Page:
MacBook and Safari succumb to hackers

Charlie Miller came to Vancouver's CanSecWest security conference to defend his title in the PWN 2 OWN hacking contest. Last year Miller took home the MacBook Air and a $10,000 cash prize Thursday after breaking into the machine.

http://blog.wired.com/gadgets/apple_lock-1.jpgCharlie Miller came to Vancouver's CanSecWest security conference to defend his title in the PWN 2 OWN hacking contest. Last year Miller took home the MacBook Air and a $10,000 cash prize Thursday after breaking into the machine.

This year Miller's MO was the same, bring the target MacBook to its knees and pocket $10k (and the MacBook). Zero Day's Ryan Naraine explains that the details of the exploit aren't being released:

TippingPoint’s Zero Day Initiative has acquired the exclusive rights to the vulnerability and coordinate the disclosure and patch release process with Apple. Technical details of the vulnerability will not be released until a patch is ready.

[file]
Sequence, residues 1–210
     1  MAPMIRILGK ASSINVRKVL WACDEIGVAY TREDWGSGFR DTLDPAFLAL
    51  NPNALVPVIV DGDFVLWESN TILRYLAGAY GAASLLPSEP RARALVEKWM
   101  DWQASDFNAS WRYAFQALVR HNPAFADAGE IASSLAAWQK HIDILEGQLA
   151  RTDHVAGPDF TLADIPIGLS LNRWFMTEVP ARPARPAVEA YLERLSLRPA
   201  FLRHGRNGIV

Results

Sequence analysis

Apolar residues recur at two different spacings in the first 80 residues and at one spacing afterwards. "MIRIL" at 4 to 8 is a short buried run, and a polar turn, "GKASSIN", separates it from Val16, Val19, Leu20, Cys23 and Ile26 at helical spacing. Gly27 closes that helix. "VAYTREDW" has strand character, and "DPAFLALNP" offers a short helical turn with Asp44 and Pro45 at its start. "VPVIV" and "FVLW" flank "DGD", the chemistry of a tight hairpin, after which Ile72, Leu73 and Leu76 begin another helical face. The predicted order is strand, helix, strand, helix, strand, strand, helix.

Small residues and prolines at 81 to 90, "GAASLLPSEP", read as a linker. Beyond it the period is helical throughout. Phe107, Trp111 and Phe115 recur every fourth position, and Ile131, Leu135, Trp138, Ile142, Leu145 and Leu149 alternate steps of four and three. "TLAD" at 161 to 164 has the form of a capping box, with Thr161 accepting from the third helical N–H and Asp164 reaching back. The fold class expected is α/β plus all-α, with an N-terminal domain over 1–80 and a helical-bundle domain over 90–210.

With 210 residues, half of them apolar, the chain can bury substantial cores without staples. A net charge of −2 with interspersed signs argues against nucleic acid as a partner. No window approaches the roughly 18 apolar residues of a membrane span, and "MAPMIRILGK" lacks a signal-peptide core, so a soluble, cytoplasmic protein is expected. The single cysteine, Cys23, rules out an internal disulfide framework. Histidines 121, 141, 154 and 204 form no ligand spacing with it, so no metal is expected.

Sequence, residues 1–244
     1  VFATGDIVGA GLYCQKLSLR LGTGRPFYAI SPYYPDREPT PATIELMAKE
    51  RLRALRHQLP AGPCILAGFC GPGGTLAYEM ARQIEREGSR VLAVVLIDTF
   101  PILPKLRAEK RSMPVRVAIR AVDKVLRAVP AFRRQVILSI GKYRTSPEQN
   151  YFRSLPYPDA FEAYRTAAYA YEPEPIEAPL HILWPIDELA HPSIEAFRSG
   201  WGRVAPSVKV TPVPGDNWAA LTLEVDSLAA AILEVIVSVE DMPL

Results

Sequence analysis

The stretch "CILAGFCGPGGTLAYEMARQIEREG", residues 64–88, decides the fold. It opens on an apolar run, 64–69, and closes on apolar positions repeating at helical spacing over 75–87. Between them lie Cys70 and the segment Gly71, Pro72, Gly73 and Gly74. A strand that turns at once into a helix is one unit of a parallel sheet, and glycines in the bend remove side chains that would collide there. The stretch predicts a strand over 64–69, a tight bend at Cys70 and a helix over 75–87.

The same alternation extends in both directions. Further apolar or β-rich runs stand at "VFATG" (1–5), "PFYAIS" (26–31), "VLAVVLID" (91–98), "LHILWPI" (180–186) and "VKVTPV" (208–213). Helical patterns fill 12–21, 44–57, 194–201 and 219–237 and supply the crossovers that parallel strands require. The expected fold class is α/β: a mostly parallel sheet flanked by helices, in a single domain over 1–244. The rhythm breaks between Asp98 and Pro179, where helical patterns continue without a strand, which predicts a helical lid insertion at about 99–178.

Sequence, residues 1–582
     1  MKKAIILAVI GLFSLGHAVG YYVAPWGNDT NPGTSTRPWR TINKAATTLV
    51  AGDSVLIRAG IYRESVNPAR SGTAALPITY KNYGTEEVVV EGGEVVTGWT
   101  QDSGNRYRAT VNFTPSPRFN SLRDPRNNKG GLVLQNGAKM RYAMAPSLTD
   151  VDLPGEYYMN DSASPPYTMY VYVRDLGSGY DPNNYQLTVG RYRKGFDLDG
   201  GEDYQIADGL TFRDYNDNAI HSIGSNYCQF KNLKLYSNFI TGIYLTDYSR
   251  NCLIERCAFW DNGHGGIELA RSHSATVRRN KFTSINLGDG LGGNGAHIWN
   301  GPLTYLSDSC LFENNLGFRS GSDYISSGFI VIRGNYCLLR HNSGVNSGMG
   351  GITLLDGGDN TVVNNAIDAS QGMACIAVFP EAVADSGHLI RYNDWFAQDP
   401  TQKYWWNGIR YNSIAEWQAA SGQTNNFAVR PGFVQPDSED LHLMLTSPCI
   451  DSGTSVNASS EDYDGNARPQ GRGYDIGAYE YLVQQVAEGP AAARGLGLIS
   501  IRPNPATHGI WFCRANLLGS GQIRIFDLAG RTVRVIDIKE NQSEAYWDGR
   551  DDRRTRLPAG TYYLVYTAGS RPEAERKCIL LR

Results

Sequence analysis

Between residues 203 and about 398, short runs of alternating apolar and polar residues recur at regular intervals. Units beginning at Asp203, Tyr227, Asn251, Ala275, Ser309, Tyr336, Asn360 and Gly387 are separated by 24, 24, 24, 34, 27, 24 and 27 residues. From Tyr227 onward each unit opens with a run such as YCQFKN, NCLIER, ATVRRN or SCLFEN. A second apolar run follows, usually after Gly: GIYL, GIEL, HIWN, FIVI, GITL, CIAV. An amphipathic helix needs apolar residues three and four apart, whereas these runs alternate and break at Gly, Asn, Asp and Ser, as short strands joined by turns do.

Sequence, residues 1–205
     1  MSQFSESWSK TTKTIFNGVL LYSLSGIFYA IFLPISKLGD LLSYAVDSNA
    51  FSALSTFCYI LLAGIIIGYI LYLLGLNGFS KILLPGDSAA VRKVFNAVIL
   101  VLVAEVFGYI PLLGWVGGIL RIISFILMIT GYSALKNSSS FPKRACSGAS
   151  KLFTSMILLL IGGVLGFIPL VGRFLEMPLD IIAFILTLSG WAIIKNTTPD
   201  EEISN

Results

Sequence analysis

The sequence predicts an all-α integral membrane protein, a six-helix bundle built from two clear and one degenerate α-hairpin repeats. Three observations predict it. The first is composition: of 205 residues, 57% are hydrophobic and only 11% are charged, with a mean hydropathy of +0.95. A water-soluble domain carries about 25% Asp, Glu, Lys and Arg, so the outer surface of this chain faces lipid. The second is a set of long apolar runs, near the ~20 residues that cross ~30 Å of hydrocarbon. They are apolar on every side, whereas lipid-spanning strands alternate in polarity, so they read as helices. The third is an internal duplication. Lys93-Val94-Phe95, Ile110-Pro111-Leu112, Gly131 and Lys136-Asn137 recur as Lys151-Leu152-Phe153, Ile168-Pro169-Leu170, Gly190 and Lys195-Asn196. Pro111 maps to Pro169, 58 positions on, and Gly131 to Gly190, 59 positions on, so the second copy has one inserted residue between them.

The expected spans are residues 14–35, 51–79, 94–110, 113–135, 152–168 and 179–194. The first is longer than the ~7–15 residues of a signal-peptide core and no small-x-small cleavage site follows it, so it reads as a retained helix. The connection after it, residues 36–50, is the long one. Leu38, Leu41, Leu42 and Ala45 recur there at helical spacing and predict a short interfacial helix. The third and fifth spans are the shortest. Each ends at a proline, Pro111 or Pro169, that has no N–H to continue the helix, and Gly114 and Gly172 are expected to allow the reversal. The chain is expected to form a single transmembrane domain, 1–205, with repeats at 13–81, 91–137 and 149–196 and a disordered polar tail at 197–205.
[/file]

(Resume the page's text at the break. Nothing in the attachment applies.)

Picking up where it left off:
Miller boasted “It took a couple of seconds.  They clicked on the link and I took control of the machine,” Naraine says that Miller planned to hack into Safari and tested the exploit carefully to ensure “it worked the first time.”

Naraine also notes that Safari also succumbed to hackers in another contest at the conference:

“Nils” also scored a clean hit against Apple’s Safari (he was the second hacker to exploit Safari) and, later in the afternoon, he exploited a Firefox zero-day flaw to claim the trifecta.

Picture: Wired.

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